Labosport is a FIFA Research Institute

Article shared from FIFA.com

  • FIFA Research Institutes increase their continued support for the Football Technology & Innovation subdivision
  • Projects spanning across the FIFA Research, Quality and Innovation Programmes as well the Football Technology team
  • Applications to become a FIFA Research Institute will be received every two years with each institute required to meet a defined eligibility criteria and agreed provision to the publication of work in scientific journals

At the recent FIFA Quality Programme Conference and Research Symposium, Labosport, Sports Labs and Victoria University were announced as the first FIFA Research Institutes for Football Technology Innovation. This marks the long-term formalisation of FIFA’s collaboration with these three thought-leading research institutes, seeking to further increase the application of science in football.

Research is central to all the key activities within the FIFA’s Football Technology & Innovation sub-division, playing a vital role in exploring, validating and implementing a variety of products, surfaces, technologies and innovations. Through joint projects, particularly in the last decade, FIFA has built relationships with these institutions and their contribution to football technology is apparent through a number of global standards and scientific publications.

There are many challenges which face the industry and require FIFA’s input, from the democratisation of technology, to new legislation, sustainability and much more.

First FIFA Research Institutes for Football Technology Innovation

The expertise of the FIFA Research Institutes will be harnessed in three key areas:

  • An agreed amount of technical and human resources made available for the duration of the term, to be allocated to relevant research areas within the FIFA Football Technology & Innovation subdivision.
  • Benefitting the wider sports research community by committing to publish their findings in peer-reviewed journals.
  • Providing empirical evidence to guide the discussions within the FIFA Quality Programme’s Technical Advisory Groups (TAG), which develops the testing standards and requirements for each product category.

    The three FIFA Research Institutes are known to many but are introduced below:

Labosport have worked closely with FIFA since the inception of the Quality Programme for Football Turf in 2001. Throughout this time, Labosport have tested products and field installations around the world, and their research and innovation has helped to bring new test methods and standards to the FIFA Quality Programme. In addition to playing surfaces, Labosport are also involved in other FIFA Quality Programmes such as Goal-line Technology, Futsal Surfaces and the FIFA Quality Programme for Football Goals. Labosport’s core contribution as a FIFA Research Institute will be to accelerate numerous projects to better understand playing surfaces (both natural and synthetic), and to translate this knowledge into new test methods and standards.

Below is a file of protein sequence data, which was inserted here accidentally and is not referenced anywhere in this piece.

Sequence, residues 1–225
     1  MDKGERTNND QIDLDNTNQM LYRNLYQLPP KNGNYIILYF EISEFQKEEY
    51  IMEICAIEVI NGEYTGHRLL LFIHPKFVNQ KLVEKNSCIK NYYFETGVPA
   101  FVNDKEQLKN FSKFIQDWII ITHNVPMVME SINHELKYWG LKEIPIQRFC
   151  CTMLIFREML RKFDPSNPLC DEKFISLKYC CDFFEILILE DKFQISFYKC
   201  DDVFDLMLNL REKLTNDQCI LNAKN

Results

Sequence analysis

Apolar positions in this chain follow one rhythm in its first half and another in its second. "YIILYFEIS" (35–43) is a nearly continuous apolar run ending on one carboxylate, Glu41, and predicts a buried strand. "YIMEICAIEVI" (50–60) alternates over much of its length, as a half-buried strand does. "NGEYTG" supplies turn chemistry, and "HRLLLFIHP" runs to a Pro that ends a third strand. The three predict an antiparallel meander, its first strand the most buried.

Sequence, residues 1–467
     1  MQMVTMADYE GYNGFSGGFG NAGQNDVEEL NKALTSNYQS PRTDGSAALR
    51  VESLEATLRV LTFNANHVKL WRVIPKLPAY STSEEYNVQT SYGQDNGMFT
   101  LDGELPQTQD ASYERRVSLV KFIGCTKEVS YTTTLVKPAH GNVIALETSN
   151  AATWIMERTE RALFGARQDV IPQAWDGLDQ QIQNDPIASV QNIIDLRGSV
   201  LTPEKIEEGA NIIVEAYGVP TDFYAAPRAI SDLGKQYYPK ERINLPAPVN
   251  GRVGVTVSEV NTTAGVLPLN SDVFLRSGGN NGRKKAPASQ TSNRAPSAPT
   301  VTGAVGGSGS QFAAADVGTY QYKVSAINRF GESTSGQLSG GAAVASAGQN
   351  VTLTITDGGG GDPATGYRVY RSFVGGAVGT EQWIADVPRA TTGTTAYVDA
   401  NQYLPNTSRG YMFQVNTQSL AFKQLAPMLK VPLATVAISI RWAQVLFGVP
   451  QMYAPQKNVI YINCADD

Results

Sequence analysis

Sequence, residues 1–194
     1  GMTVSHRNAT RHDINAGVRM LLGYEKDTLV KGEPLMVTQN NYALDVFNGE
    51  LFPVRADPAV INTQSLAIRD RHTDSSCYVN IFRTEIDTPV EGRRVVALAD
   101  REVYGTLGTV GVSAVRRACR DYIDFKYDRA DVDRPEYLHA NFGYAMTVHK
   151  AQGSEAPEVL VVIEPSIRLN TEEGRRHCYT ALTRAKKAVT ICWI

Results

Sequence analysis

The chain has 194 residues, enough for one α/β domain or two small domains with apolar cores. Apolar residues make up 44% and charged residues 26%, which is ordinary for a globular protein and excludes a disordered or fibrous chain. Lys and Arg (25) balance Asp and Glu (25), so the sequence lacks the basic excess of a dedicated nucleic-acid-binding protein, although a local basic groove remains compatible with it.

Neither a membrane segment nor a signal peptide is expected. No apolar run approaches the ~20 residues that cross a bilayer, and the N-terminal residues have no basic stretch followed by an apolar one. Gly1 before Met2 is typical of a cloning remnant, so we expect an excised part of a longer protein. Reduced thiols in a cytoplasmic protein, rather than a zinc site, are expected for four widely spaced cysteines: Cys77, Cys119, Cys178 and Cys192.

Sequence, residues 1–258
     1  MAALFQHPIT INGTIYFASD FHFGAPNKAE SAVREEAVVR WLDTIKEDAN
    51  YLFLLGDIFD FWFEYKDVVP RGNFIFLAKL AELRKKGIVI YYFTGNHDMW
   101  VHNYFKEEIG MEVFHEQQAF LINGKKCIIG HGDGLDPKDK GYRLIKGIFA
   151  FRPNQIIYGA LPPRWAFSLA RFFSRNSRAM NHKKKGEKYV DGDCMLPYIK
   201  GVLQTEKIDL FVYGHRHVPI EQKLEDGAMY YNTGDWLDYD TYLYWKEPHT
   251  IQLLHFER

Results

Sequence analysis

Sports Labs’ collaboration with FIFA started in 2005 with a relationship that utilised their expertise in testing surfaces and a variety of different sporting equipment. Since then, as a FIFA Accredited Test Institute in 7 different quality programmes that include everything from playing surfaces to wearable technologies, Sports Labs has become a core contributor to the Research and Standards team. Whilst one of their key strengths is in understanding the interaction between the player and the surface, their diverse experience across the majority of the FIFA Quality Programmes puts them in a strong position to develop new test methods across the board. Examples range from adapting existing test methods for new offside technologies to developing new measurement techniques for the quality of footballs.

Victoria University (VU) first worked with FIFA in 2016 carrying out fundamental research to establish the feasibility of a standard to assess the accuracy of Electronic Performance Tracking Systems (EPTS). This early research led FIFA to develop and refine a test protocol, which has now assessed over 40 different tracking systems. VU, a FIFA Accredited Test Institute for EPTS, has recently expanded its EPTS testing to include tracking provided from broadcast video (FIFA Basic), and skeletal tracking used for applications such as semi-automated offside technology. VU and FIFA will continue to collaborate to generate further knowledge on how technologies can be assessed beyond measuring accuracy and how they can be best understood to help improve the game.

In order to become a FIFA Research Institute a series of eligibility criteria must be met.

  • 5 years collaboration with the Football Technology & Innovation subdivision
  • Allocation of set amount of research resources to agreed FIFA research projects
  • Minimum of 5 scientific publications pre-application with dedicated resources to publication through their term as a FIFA Research Institute
  • Demonstrable interdisciplinary research skills

    The application period for new FIFA Research Institutes will be open every two years with the next application period taking place from May – August 2024. This initiative offers a great opportunity to maximise the research resources available to FIFA whilst contributing to real world challenges in collaboration with the industry and academia.